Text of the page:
As indicated, the Wilcoxon test assumes a formula that test the median of sample sizes of the paired numbers. The sample size should be small. The hypothesis is whether there are variations in the medians of the sample pairs (Martinez, 2007). In other words, the unacceptable premise tests whether there is no existing deviations in the paired sample middle measure while the acceptable premise tests otherwise.

To derive the formula N is understood to be the size of the sample or the amount of paired samples. Therefore, the total data sample equals to 2N. If i=1, ….., N and x1i and x2i is to represent the measurements, then Wilcoxon test (W) ={∑[sgn(x2i-x1i)*Ri]}. In the formula, sgn represent the sign function while Ri represent the ranks (Martinez, 2007). As indicated, the hypothesis to be tested using the formula is as follows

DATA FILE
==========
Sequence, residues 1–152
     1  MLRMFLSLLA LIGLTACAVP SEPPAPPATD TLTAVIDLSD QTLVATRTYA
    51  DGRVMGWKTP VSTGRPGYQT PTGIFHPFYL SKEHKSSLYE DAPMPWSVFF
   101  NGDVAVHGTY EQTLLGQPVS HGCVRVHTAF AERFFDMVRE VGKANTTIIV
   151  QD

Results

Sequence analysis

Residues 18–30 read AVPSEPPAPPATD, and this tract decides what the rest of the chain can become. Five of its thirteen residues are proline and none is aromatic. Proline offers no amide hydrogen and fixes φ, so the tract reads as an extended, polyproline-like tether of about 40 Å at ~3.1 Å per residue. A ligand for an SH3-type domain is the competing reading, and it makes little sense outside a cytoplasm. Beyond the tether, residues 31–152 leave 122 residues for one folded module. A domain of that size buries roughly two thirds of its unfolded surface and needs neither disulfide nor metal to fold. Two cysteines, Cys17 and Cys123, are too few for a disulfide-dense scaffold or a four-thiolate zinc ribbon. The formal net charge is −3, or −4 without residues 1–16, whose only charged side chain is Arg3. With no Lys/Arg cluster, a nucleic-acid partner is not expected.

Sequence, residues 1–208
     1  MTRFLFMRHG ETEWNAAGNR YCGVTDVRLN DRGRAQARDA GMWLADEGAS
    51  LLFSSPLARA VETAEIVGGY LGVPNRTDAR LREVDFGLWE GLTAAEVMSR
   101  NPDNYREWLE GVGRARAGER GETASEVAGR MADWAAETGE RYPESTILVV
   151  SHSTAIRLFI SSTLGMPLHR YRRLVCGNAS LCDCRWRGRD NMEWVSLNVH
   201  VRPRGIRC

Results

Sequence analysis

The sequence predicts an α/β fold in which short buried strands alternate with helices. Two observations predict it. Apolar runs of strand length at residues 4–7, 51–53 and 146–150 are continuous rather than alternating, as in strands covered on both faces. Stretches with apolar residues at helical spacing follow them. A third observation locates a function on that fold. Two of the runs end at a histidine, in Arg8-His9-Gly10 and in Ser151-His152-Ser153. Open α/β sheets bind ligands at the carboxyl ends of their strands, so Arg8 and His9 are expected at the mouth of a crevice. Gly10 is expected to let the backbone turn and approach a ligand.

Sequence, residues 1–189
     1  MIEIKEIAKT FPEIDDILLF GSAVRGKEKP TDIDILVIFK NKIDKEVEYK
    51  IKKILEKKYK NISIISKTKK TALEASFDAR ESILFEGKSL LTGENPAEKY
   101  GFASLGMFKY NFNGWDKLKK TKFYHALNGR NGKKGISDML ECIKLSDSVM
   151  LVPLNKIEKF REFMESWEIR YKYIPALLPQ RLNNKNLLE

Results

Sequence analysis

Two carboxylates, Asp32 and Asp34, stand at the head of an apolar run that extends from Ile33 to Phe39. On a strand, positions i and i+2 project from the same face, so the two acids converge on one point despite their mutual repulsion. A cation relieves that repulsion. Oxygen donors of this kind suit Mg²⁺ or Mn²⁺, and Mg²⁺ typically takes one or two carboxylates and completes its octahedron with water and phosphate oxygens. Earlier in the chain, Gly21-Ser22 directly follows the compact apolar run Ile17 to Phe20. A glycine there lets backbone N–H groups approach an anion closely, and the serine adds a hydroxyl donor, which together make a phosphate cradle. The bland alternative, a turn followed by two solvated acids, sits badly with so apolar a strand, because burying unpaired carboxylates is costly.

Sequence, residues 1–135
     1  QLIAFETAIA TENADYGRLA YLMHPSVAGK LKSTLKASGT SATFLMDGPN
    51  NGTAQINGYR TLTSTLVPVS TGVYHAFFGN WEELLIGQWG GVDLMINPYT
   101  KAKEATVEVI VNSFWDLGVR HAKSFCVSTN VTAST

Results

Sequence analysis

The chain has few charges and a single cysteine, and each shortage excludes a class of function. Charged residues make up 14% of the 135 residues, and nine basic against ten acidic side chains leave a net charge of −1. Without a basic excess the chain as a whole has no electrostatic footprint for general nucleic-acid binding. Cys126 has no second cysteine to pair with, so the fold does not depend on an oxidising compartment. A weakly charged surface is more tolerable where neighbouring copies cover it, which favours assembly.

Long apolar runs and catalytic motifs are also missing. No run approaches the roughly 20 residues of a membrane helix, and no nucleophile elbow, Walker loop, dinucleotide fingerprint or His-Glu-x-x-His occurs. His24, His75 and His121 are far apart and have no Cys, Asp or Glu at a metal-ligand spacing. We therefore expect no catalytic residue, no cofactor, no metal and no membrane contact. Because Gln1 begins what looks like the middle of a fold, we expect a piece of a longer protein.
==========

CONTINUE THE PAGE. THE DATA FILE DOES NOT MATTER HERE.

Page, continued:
• H0: there are no median differences between the pairs
  • H1: median differences exist


In most cases, the Wilcoxon tests will be appropriate when the section the population to be tested is small and the distribution is not normal. The Wilcoxon tests contrasts the ordinary tests where the population is large and the distribution is average. However, most of the statistical tests do not behave in the normal distribution. In fact, in Wilcoxon tests, the data is not normally distributed and the sample sizes are small.

In addition, Wilcoxon tests are used in evaluating opinionated data as well as data that cannot be accurately measured. In other words, the measure is based on the nominal scale. Though data from opinions are normally difficult to measure, they are put in numerical scales that make it easier to be evaluated. In these kinds of data, there is no assumption that there is normal distribution. Therefore, Wilcoxon test would be appropriate.


Cleves, M. A. (2008). An introduction to survival analysis using stata. New York, NY: Stata Press.

Gravetter, F. J. & Wallnau, L. B. (2009). Statistics for the behavioral sciences. Belmont, CA: Cengage Learning.

Jackson, S. L. (2009). Statistics plain and simple. Belmont, CA: Cengage Learning.

Kirk, R. E. (2006). Statistics: An introduction. Belmont, CA: Cengage Learning.

Martinez, R. (2007). Diagnostics for choosing between Log-rank and Wilcoxon tests. Michigan, MI: ProQuest.